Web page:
Letters to the editor: 03-11-18

Kudos to the unsung deliverer

We rent a condo annually at Country Club Villas at Kailua-Kona for our three-week vacation. Prior to arrival, we subscribe to WHT and arrange for delivery during our stay. This year’s delivery service has been excellent.


Every paper has been literally touching the screen door. No papers left at the end of the walk, thrown off the walk, etc. like in some years past.

Our Minneapolis paper deliverer leaves our weekend papers by the curb or half way between the garage door and curb, in spite of numerous complaints. He/she could learn much from our current WHT carrier. Mahalo to this person at WHT!

Kathleen and Frank Anderson

Plymouth, Minn.

Surf school pilot program is about finding balance

As a kamaaina of Kahaluu and the director of The Kohala Center’s Kahaluu Bay Education Center for the past eight years, I am also very passionate about the issue of surf schools operating in Kahaluu Bay.

Many area residents and people concerned about the health of the bay’s ecosystem, safety issues, and overcrowding would like to see commercial activity in the water prohibited outright. Surf school operators do not want their ability to conduct business restricted, and the business community does not want to see contributions to our local economy reduced.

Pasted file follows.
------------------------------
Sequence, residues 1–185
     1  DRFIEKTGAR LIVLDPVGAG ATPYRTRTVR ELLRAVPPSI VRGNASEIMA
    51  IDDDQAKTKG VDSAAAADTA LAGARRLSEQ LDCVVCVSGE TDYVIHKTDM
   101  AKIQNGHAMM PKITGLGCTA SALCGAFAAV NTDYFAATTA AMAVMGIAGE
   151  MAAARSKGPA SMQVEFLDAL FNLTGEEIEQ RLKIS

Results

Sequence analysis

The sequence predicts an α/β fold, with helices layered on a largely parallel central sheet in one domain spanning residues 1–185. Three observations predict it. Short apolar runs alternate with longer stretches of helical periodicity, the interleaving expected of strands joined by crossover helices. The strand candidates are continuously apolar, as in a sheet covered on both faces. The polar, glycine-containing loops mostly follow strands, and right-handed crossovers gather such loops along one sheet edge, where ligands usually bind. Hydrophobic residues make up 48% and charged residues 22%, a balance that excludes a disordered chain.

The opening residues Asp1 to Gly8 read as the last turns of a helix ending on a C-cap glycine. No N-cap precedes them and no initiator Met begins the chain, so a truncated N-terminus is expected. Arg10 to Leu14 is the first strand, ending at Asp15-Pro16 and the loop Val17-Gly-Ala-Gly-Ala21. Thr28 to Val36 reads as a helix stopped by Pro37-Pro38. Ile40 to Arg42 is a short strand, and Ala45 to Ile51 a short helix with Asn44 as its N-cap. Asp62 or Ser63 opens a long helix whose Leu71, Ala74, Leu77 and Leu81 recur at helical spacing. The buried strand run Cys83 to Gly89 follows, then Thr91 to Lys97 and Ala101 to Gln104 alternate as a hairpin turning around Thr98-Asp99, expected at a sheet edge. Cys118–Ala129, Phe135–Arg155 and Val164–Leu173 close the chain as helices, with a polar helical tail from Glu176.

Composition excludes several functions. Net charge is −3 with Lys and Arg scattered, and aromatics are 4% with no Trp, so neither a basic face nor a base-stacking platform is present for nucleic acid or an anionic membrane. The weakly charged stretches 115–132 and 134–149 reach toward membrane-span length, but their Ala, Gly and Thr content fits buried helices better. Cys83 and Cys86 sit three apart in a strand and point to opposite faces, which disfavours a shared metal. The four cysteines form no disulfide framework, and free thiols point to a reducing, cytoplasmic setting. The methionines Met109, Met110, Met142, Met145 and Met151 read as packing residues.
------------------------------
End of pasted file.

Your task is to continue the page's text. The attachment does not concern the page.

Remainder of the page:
What has not been mentioned in coverage of the surf school pilot program is that state law explicitly restricts the number of schools and students that can occupy Kahaluu Bay at any given time. Hawaii Administrative Rules §13-256-152 requires surf schools to obtain permits from the Hawaii Department of Land and Natural Resources to conduct commercial water sports instruction in the bay, limits the number of permits issued to four schools, and restricts each school to eight students in the water at a time. Because schools must access county property to access state waters, the county has a role to play in monitoring and regulating these activities. We will work with all stakeholders to ensure compliance with these regulations.

The Kohala Center based its budget and fees on our best estimates of the costs to plan, launch, and administer this new program. After a six-month pilot, we will collaborate with the county to evaluate and revise the fees based on actual expenses and experience.

The Kohala Center’s vision has always been to foster a state of pono. This pilot program seeks to find middle ground that supports a healthy bay, a healthy economy, a healthy community, and public safety. Learn more about the history of this program at koha.la/surfschool-faq.

Cindi Punihaole


Director, Kahaluu Bay Education Center